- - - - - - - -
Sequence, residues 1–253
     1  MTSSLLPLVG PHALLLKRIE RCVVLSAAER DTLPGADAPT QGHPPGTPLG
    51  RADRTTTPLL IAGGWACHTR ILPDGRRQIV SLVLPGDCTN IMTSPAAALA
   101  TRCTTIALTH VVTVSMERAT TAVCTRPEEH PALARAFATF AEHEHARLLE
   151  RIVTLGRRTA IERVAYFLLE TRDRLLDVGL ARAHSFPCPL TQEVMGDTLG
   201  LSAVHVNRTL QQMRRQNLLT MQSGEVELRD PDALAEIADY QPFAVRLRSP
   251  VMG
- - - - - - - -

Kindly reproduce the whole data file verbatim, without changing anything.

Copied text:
Sequence, residues 1–253
     1  MTSSLLPLVG PHALLLKRIE RCVVLSAAER DTLPGADAPT QGHPPGTPLG
    51  RADRTTTPLL IAGGWACHTR ILPDGRRQIV SLVLPGDCTN IMTSPAAALA
   101  TRCTTIALTH VVTVSMERAT TAVCTRPEEH PALARAFATF AEHEHARLLE
   151  RIVTLGRRTA IERVAYFLLE TRDRLLDVGL ARAHSFPCPL TQEVMGDTLG
   201  LSAVHVNRTL QQMRRQNLLT MQSGEVELRD PDALAEIADY QPFAVRLRSP
   251  VMG